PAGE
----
Copyright © 2018 Steffen Tuck All rights reserved
A reductionist view is apparent in my work, and while this minimal aspect reduces the elements, it also condenses and hones their participation.
I attempt to unravel the normalcy of these typical and everyday scenes by looking beyond the obvious, picking over the detail and looking for graphic forms, surface treatments and lines, horizons, corners and edges, as well as where contrasts or encroachments may sit uncomfortably together, or show a new relationship in isolation from the whole. Interventions of nature and weather through use or misuse also feature.
By taking tight slices between the obvious, this isolation from the 'noise' finds a calm and control. The dissection locates the forgotten or previously 'unseen' and shows them as the new 'hero' away from the confusion. I call this 'left-of'-field' viewing, the shift beyond the obvious or typical, and it works at finding a new perspective or a subtle change in vantage point. The result of this shift locates what I call the ‘other.’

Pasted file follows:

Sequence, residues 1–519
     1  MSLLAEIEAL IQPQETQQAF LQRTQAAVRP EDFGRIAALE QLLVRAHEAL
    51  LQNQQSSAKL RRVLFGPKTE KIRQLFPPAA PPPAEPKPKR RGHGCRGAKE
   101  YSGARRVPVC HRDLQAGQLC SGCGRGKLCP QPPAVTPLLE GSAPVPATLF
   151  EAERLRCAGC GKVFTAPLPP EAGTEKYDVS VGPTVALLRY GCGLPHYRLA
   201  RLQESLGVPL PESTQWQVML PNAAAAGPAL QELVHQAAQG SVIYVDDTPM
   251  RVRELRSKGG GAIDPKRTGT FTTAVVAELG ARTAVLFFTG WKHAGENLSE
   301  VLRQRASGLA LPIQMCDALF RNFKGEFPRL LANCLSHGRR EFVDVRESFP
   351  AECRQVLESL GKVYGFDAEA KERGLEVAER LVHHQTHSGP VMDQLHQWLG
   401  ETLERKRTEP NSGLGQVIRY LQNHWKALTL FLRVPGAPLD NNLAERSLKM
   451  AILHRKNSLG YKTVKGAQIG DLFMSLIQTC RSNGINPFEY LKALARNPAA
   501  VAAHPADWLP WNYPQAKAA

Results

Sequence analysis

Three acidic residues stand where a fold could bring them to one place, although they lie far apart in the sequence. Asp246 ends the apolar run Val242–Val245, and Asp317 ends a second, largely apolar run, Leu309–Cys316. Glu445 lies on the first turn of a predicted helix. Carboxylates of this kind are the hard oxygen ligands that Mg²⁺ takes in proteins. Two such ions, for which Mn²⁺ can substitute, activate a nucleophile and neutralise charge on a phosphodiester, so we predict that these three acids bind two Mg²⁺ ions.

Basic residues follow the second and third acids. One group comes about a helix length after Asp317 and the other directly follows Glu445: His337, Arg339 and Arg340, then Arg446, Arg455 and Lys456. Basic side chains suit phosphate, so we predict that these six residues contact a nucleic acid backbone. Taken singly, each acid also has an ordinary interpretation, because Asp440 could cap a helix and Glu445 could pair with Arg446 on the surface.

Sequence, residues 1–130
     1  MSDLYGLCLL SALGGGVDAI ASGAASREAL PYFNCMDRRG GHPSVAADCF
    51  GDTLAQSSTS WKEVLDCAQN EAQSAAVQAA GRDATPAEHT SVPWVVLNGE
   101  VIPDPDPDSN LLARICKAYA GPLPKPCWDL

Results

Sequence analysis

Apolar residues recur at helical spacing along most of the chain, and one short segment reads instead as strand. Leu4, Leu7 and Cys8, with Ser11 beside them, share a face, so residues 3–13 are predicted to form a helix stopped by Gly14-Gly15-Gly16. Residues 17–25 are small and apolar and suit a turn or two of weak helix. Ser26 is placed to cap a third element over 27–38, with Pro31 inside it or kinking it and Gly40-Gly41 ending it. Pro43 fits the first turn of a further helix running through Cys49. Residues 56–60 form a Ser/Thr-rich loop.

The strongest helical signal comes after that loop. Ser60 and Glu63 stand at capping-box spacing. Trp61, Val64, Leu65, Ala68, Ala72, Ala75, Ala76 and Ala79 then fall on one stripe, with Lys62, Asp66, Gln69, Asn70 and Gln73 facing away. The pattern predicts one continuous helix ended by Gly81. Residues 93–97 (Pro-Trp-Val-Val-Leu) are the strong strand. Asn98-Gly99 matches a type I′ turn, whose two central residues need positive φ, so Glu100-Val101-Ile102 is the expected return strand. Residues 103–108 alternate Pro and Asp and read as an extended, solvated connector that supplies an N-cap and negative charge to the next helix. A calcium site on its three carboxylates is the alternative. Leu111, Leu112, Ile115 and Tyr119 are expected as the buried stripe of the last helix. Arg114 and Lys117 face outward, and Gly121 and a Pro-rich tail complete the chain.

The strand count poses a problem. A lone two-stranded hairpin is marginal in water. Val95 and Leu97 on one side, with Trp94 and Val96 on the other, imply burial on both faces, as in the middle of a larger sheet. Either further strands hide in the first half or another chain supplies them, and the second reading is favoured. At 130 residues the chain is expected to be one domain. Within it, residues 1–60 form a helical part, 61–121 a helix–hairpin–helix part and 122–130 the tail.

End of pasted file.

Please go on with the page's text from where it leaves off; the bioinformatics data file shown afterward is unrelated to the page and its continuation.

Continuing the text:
With the once-hidden or previously ‘unseen’ now exposed, opportunities arise to delve and visually decode the details, and I do this through slight nuances rather than grand gestures (i.e. a shadow which confuses, a reflection which promises, a distressed surface which contrasts, or nature's breakthrough at a crack or crevice).
These studies are part of an evolution to unearth behind the urban facade, by concentrating subtlety and delight.
Regular revisiting on my daily walks allows this evolution to occur and study minute changes over longer periods of time. As in my exploration to find these results, it may take the viewer several viewings to take in their fullest and finely drawn meanings.
A mysteriousness or ambiguity is inevitable and raises questions about what we see in the urban environment. Are we intentionally missing or misreading through laziness or haste? What is concealed in the minutiae if we stop to appreciate how the transient and inconsistent can enrich and enliven, and perhaps add value to the appreciation of our material world?
Where one notes that daily use, wear, and habitation destroys the pristine aesthetic, I like to embrace the aesthetic of "wabi-sabi" - where transience and imperfection are appreciated- and show this normal disintegration to highlight the small beauties we miss in our hurried lives. These delicate reminders tell of the impermanence of our urban surround. The beauty lies in the details for me, rather than the bold and clean forms of the architecture.